UPDATE August 17, 2013: using MIDI keyboards
In addition to the keyboard controller described here, the game also supports any MIDI-capable keyboard (and drum) using the same MIDI adapter that is required for the Squier Stratocaster guitar. The game only recognizes the second and third octaves (and the fourth "C"). I used color-coded sticky tabs to map the notes on a MIDI keyboard to the colors given on the keytar controller.
The new PRO Guitar is also quite fun to play. At the time of this writing, only the Mustang controller (with the 102 buttons along the neck) is available, but a real, six-stringed Fender Squier Stratocaster is supposed to be due out in spring which I can’t wait to get my hands on. PRO Guitar basically just shows vertically-scrolling guitar tablature, with six columns representing the six strings and a numbered gem indicating which fret number to hold down. Chords have an interesting notation, however, which is kind of difficult to get used to for players familiar with tablature. Chords in the game are denoted by a "shape" rather than the fret numbers for each note in the chord. The game shows the fret number of the lowest (left-most on the game screen) note in the chord and then shows a curved line that denotes the relative distance from the numbered base note. It’s confusing at first, but once you get used to it and start to memorize all the shapes, it becomes much easier to read the chords on-the-fly when playing the game. Of course, if you prefer, the game does have an option to show the full chord numberings.
Could still use some tuning
I only have two major complaints with the new PRO Guitar mode in the game. First of all is that some songs don’t seem to be 100% accurate. The intro to Bon Jovi’s "Wanted Dead or Alive" is a great example. Watch the intro in this video (starts at 30 seconds and ends at around 1 minute), then compare that to the tab given on sites such as Songsterr.com. This is probably the result of an attempt by Harmonix to combine multiple guitar parts into one note track, and my complaint is probably very nitpicky, but for an actual aspiring guitarist who wants to learn these songs in real life, it might be discouraging to find that the tab you look up online may be very different than the notes you play in Rock Band.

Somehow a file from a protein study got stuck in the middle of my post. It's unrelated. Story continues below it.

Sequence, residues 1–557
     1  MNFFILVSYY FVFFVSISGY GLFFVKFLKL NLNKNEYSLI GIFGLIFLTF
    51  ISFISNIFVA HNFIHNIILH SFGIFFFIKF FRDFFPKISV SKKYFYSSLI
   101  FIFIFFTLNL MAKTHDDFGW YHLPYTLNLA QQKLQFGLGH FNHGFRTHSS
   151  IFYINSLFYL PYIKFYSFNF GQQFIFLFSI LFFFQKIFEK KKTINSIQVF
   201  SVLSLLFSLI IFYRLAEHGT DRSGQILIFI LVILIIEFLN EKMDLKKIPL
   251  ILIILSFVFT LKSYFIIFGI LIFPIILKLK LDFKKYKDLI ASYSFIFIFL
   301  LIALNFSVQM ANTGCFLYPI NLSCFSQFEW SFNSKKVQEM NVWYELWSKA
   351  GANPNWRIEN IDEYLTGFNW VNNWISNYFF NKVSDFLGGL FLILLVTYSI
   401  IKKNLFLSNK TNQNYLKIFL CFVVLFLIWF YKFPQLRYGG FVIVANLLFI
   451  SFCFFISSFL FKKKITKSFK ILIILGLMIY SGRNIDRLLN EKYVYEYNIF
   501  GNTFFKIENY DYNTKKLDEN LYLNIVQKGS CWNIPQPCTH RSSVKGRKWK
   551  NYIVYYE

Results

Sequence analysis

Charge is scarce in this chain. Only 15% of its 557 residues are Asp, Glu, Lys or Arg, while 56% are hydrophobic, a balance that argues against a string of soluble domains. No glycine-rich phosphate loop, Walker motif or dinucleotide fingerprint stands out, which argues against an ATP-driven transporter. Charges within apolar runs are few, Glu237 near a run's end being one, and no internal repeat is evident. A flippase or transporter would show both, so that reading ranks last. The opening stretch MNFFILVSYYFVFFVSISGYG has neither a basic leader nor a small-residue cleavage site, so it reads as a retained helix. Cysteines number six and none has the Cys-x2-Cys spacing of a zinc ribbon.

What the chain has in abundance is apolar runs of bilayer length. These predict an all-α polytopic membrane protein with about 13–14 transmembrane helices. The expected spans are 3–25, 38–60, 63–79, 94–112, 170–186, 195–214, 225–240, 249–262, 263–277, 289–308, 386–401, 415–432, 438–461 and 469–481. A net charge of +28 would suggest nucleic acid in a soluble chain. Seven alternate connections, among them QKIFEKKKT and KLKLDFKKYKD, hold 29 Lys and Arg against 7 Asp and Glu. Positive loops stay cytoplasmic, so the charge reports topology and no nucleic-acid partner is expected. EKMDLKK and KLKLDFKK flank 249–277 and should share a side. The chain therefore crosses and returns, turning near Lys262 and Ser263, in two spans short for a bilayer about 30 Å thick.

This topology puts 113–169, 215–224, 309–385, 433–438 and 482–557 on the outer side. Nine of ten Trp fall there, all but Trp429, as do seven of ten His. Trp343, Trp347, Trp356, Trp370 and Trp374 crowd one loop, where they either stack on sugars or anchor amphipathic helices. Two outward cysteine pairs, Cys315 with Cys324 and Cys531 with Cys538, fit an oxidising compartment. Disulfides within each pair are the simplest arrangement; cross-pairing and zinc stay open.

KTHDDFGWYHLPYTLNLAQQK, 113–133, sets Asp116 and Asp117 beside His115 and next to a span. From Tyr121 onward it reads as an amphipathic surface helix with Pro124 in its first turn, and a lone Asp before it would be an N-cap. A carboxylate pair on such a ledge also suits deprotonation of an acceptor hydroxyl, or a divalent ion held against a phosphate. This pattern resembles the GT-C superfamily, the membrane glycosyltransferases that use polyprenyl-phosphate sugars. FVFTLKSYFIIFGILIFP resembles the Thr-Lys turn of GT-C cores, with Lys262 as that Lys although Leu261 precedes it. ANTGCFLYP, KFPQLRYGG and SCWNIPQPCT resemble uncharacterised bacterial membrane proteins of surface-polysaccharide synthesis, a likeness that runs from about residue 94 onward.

PRO guitar tracks in the game sometimes differ from the real tableture.
My other PRO Guitar Mode complaint is the lack of support within the game and on the controllers for some advanced guitar techniques. Yes, the game does support hammer-ons and pull-offs still, and they did add sliding. But the game has no support for string bending and the controllers don’t even have whammy bars, which can make playing those long-sustained notes kind of boring since you can’t embellish them with the whammy bar anymore.
Additionally, a minor nitpicky complaint with the Mustang controller is that all the buttons pretend that the six strings are all the same thickness, which takes away some valuable tactile feedback for those of you who are already familiar with how to play a real guitar, and could cause more mess-ups than you’d like. The six-stringed Mustang also may not be very comfortable for bass players (especially if you play finger-style), so I really hope that Harmonix will release a PRO Bass controller that is compatible with the game. But overall, the new PRO Guitar Mode is a HUGE step up from the simple five-colored-buttons of the previous games, and whenever I have friends over to play Rock Band, you bet everybody is fighting over who gets to play with the Mustang controller!
UPDATE August 17, 2013: opinions on Squier Stratocaster
After several delays, the MIDI Squier Stratocaster guitar was released in the middle of 2011. The MIDI adapter and guitar were sold separately, and they were both pricey and difficult to get a hold of (I had several pre-orders simultaneously in case any of them didn't deliver). When I finally did get a hold of it, it was an impressive piece of hardware at the time, and I really loved playing it! It was expensive though. The guitar itself is console-agnostic, but you still have to buy a MIDI adapter for your specific console.